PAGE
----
Advertisements

Latest Entertainment News

  • 'Bachelor' star called 911 before allegedly fleeing deadly crash

    Entertainment CTV News
    This Tuesday, April 25, 2017, photo provided by the Buchanan County Sheriff's Office in Independence, Iowa, shows Chris Soules, former star of ABC's "The Bachelor," after being booked early Tuesday after his arrest on a charge of leaving the scene of a fatal accident near Arlington, Iowa. Source
  • Lorde, Imagine Dragons, Iggy Azalea set to appear at 2017 iHeartRadio MMVAs

    Entertainment CBC News
    Lorde is headed to this year's iHeartRadio Much Music Video Awards — but whether her lamp will make an encore performance remains to be seen. The New Zealand-raised musician is among the first round of artists announced for the televised street party in Toronto on June 18. Source
  • Jonathan Demme, director of 'The Silence of the Lambs', dead at 73 [Video]

    Entertainment Toronto Sun
    Oscar-winning moviemaker Jonathan Demme has died, aged 73. The acclaimed director of The Silence of the Lambs and Philadelphia passed away in New York on Wednesday. He had been battling esophageal cancer and died of complications from heart disease, according to a family source. Source
  • 'So sad he's gone' - fans react to death of Jonathan Demme

    Entertainment CTV News
    Some reaction to the death of filmmaker Jonathan Demme. "Jonathan Demme was a great artist, humanitarian, activist & a warm encouraging colleague. I've known very few like him. He will be missed." -- director Ron Howard via Twitter. Source
  • 'Nobody knows what I know': Madonna's not happy with a planned biopic about her start

    Entertainment CBC News
    Madonna isn't happy with a new biopic planned on her pre-fame life. The Hollywood Reporter reported Monday that Universal had acquired the rights to Blond Ambition, a script about the singer. Brett Ratner is expected to produce the film, which centres on her struggles in New York while making her first album. Source
  • Johnny Depp's former managers call him 'habitual liar'

    Entertainment CTV News
    LOS ANGELES -- Johnny Depp's former business managers say the star "is a habitual liar who denies responsibility for his own outrageous conduct" and "has himself to blame for his financial woes." The statement from Management Group spokesman David Shane is the latest volley in a public battle between the actor and his one-time management team. Source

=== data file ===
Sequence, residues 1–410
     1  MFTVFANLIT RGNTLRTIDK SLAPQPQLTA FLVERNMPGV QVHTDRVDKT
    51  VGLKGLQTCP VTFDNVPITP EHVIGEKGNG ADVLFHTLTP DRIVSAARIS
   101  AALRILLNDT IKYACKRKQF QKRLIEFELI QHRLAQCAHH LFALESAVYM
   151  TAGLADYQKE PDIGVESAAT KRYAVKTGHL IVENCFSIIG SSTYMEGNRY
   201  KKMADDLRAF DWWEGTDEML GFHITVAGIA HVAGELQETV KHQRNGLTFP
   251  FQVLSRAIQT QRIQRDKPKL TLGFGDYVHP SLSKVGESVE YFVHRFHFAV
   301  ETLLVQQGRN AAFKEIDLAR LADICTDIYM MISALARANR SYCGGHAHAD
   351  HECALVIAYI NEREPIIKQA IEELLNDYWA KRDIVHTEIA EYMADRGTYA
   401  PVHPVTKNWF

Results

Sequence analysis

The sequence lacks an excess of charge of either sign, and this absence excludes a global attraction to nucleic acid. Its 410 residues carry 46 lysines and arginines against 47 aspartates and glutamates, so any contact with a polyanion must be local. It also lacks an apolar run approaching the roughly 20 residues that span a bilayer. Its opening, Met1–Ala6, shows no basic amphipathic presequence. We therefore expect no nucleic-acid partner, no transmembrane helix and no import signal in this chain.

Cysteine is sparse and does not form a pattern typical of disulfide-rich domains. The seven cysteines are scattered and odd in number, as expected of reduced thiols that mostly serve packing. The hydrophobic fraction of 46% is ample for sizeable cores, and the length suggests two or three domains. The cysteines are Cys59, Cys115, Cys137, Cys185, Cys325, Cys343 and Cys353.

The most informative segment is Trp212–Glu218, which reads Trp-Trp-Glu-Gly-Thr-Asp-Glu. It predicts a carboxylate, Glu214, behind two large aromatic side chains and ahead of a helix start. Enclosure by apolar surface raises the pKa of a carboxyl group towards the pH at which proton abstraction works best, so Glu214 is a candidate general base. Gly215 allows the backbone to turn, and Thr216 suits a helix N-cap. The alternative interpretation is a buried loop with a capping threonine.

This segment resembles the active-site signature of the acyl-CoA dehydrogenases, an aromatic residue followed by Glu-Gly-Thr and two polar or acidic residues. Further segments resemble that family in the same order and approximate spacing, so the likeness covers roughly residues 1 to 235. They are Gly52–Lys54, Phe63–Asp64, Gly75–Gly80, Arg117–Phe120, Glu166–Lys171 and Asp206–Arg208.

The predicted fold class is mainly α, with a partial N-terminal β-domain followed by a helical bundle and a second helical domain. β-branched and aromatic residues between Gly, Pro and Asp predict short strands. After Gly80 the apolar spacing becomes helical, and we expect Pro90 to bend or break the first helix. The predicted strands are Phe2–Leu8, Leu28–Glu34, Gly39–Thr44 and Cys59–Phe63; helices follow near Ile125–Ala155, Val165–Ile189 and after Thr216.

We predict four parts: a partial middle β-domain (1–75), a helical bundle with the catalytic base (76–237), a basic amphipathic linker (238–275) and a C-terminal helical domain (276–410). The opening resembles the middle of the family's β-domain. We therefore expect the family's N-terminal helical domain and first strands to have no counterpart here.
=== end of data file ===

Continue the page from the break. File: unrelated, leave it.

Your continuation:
• Blockbuster has survived in the most curious of places - Alaska

    Entertainment Toronto Sun
    For families across the United States, driving to the local Blockbuster Video was a Friday night ritual. The kids fought over which movies to rent, parents had to pay off the late fees and all succumbed to the popcorn and candy buckets at the register. Source
  • Jonathan Demme, 'Silence of the Lambs' director, dead at 73

    Entertainment CTV News
    NEW YORK -- Jonathan Demme, the Oscar-winning director of "The Silence of the Lambs" and "Philadelphia," and whose Talking Heads documentary "Stop Making Sense" is considered one of the greatest concert films ever, has died. Source
  • Ron Sexsmith is the Last Rider

    Entertainment Toronto Sun
    Call him a musician on the move: After three decades of renting in T.O., Ron Sexsmith jokes he had to leave the city to really live like "a rock star." The veteran 53-year-old singer and songwriter, whose latest album, The Last Rider, sees him touring theatres across Canada in April and May recently bought a four-bedroom house in the stage town of Stratford, Ont. Source
  • Jonathan Demme, director of 'The Silence of the Lambs', dead at 73

    Entertainment Toronto Sun
    Oscar-winning moviemaker Jonathan Demme has died, aged 73. The acclaimed director of The Silence of the Lambs and Philadelphia passed away in New York on Wednesday. He had been battling esophageal cancer and died of complications from heart disease, according to a family source. Source